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Party All the Time


24 Hour Party People

Michael Winterbottom, UK, 2002

Rating: 4.0



Posted: September 22, 2002

By Laurence Station

By the mid 1970s, Manchester, England was a dying industrial town, blighted by poverty, rising crime rates and a disaffected youth culture that sought to express its boredom and frustration via the most outrageous means available. Hence, spurred on by the punk movement sweeping the country -- and directly connected to a concert by the Sex Pistols in which all of forty-two people showed up -- the seeds for the subsequent ecstasy-fueled rave scene sprouted.

Michael (The Claim, Welcome to Sarajevo) Winterbottom's high energy, extremely enjoyable fictional look at the heyday of the Manchester music scene focuses on TV personality turned record producer Tony Wilson's Factory Records, and that label's two most notable acts: Joy Division (who would evolve into the more commercially successful New Order) and Happy Mondays. Shot on digital video with an intentionally hyper-kinetic, free ranging style, 24 Hour Party People (taking its title from a Happy Mondays song) traces the rise and fall of Wilson's hopes for a revival of Manchester as a hip place to be and, most importantly, to be seen. Amazingly, everything Wilson could have hoped for -- notoriety for his beloved city, cool cachet, proprietor of the hottest club in town, Hacienda -- all come to pass during the heady '80s, before burning up in earlier prophesied Icarus-like fashion during the early '90s.

Wilson addresses the audience throughout, talking of history being made while history is actually being made. This proves Party People's biggest narrative gamble, one that, fortunately, pays off quite handsomely, thanks primarily to the smug but likable charm of Steve Coogan, who plays Wilson as a sort of devil-may-care thrill-seeker less interested in material trappings than in keeping things in constant motion. Wilson's breathless energy keeps his various mad schemes in the air -- from signing a pact with Joy Division in his own blood to fostering a bunch of hooligans that would one day turn into Happy Mondays, the band that would go on to define the rave-culture scene.

But much as Factory Records' two principal acts represented a sort of yin and yang of the Manchester scene, 24 Hour Party People is steeped in the dichotomy of life and death, of hope and despair. Winterbottom masterfully layers these opposing elements with a depth that, in the hands of a lesser director, might have come across as cheap and facile. In the film's most poignant scene, Wilson, on assignment for his "day job" as a roving TV reporter, learns of the 1980 suicide (by hanging) of Joy Division front man Ian Curtis, and has the local town crier announce Curtis' passing, clanging handbell and all.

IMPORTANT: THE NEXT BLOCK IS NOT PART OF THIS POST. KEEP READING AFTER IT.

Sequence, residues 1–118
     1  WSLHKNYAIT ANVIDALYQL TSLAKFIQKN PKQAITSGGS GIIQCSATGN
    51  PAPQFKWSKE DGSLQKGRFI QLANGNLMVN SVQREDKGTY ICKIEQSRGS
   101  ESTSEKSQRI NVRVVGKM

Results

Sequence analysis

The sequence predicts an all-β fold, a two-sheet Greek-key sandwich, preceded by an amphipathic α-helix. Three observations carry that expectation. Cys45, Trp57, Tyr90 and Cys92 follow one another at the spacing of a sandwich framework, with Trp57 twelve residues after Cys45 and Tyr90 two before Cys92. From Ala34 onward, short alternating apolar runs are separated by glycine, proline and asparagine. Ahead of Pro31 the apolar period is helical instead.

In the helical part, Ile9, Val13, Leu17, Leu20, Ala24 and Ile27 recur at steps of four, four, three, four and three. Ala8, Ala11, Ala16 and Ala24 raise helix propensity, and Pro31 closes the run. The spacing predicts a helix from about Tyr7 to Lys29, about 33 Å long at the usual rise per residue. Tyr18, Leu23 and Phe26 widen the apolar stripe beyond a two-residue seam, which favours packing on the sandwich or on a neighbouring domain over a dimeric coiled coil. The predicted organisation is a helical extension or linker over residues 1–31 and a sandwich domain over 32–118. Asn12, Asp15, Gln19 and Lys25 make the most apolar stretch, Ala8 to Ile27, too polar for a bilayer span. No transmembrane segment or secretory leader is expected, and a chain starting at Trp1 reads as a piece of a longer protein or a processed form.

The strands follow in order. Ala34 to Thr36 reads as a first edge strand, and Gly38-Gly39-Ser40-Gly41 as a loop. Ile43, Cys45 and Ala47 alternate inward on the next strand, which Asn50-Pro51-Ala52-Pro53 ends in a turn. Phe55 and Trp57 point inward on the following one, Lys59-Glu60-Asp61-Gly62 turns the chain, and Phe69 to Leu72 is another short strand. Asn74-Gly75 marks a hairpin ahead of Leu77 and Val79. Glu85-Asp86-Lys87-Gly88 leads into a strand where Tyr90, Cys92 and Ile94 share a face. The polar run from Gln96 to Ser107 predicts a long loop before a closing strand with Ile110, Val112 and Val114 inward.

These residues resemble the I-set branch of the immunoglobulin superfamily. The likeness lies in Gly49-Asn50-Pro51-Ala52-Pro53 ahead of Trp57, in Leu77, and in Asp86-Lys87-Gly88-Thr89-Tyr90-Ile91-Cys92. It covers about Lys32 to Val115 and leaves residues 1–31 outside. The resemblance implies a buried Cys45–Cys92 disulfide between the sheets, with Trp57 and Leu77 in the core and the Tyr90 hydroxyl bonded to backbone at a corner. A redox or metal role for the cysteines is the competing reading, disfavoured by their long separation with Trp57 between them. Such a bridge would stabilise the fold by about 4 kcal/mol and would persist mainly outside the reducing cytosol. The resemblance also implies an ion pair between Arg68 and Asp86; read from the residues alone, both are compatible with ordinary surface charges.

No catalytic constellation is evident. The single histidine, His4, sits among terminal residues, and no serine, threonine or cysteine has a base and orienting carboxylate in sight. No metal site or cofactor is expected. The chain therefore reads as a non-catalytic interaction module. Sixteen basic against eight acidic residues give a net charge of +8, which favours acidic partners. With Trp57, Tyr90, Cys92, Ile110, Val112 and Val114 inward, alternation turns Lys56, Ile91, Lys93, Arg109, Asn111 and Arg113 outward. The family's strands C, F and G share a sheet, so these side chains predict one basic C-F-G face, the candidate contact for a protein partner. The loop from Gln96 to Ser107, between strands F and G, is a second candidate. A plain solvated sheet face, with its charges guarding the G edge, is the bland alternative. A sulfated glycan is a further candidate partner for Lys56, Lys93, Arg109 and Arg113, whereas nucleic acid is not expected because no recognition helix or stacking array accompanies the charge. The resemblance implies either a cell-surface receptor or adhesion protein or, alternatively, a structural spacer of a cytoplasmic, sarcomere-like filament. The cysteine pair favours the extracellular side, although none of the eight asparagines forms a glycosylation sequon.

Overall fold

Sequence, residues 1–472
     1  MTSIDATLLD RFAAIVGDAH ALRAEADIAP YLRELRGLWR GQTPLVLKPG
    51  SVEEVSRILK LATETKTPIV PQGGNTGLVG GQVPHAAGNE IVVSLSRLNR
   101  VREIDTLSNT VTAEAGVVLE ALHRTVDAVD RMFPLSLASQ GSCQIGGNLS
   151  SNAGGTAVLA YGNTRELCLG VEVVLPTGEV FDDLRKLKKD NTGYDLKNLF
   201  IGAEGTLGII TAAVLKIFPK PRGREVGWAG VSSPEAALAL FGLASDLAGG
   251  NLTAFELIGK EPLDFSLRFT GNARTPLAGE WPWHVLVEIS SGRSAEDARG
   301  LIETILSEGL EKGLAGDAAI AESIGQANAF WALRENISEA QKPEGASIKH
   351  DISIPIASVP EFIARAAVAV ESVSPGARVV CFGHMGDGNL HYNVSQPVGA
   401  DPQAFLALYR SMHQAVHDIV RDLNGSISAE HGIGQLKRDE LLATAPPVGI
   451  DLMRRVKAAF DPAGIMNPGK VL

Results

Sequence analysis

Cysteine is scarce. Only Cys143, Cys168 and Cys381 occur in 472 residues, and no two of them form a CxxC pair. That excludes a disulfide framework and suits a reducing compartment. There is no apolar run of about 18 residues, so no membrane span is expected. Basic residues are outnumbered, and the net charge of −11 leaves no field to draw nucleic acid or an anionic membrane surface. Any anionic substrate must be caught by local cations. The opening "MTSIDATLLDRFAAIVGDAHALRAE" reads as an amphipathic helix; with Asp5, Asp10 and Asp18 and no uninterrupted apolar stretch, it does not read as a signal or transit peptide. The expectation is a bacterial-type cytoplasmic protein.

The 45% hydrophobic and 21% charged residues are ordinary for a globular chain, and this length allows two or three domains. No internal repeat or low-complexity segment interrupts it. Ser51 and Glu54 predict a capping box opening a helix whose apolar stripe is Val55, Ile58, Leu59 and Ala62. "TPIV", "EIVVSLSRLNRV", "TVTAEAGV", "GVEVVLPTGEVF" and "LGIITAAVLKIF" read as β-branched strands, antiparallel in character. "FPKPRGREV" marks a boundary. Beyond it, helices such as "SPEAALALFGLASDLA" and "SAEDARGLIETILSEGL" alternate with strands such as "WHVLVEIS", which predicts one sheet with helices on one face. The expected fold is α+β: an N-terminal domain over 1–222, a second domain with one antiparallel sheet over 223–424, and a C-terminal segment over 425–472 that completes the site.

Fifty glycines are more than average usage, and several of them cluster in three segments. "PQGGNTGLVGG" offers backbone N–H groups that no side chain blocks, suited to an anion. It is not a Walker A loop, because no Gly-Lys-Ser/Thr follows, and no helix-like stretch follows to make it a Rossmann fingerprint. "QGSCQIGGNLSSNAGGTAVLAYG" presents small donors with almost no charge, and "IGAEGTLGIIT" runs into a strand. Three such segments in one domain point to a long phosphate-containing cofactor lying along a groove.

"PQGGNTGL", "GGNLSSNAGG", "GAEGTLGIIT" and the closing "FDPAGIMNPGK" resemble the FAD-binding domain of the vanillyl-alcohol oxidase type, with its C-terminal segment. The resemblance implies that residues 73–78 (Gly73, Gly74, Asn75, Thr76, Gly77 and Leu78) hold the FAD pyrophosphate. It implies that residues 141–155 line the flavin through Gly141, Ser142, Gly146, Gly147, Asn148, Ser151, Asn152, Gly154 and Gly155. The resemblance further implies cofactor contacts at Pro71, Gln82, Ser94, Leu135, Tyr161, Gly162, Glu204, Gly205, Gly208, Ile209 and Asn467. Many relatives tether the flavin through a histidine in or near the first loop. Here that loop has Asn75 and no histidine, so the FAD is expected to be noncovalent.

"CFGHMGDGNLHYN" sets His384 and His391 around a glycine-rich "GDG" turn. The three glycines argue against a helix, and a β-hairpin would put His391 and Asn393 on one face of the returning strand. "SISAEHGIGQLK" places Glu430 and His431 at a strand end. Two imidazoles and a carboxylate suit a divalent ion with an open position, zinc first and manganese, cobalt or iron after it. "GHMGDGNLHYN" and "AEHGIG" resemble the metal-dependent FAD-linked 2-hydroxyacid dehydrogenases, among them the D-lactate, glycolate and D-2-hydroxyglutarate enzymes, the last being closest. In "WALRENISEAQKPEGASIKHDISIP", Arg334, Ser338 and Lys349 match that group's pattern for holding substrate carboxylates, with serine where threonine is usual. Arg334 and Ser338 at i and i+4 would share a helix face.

The main knock against 24 Hour Party People, ultimately, is its subject, the very scene it takes such pains to celebrate. A feature film about one music scene in one city in the U.K. -- no matter how well executed -- unavoidably carries with it an insular, self-congratulatory air: it's the sort of feature one imagines that people who were there might appreciate, mostly for the in-jokes no one else is likely to get. That built-in exclusionary aspect further limits the appeal of a film that aims for a niche audience -- fans of this particular music and subculture -- to begin with. Not to mention the fact that, outside of England, Joy Division and Happy Mondays never enjoyed more than a cult status, which, while enduring, hardly qualifies them as legitimate crossover success stories.

While 24 Hour Party People may not find a large audience, the very fact that Winterbottom got it made, and in such an accomplished and entertaining fashion, is a credit to the filmmaker's resolve, and ultimately to the rusted-out but no less spirited city of Manchester, as well -- its people and the impressive music they created.

Party Music
While the vast majority of those who see 24 Hour Party People will already own music by the bands it celebrates, for the uninitiated the movie soundtrack is a good place to start, as it distills the major hits by the groups and is well-sequenced. For those seeking essential albums, Joy Division's 1979 effort Unknown Pleasures is a solid jumping off point, followed by the more recent, comprehensive box set Heart and Soul. Happy Mondays fans, meanwhile, would be hard-pressed to do better than the band's stellar 1990 release  Pills 'n' Thrills and Bellyaches.

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 Ratings Key:
 5.0: A masterpiece
 4.0-4.9: Exceptional

 3.0-3.9: Solid fare

 2.0-2.9: The mediocrities...
 1.1-1.9: Poor
 0.0-1.0: Utter dreck
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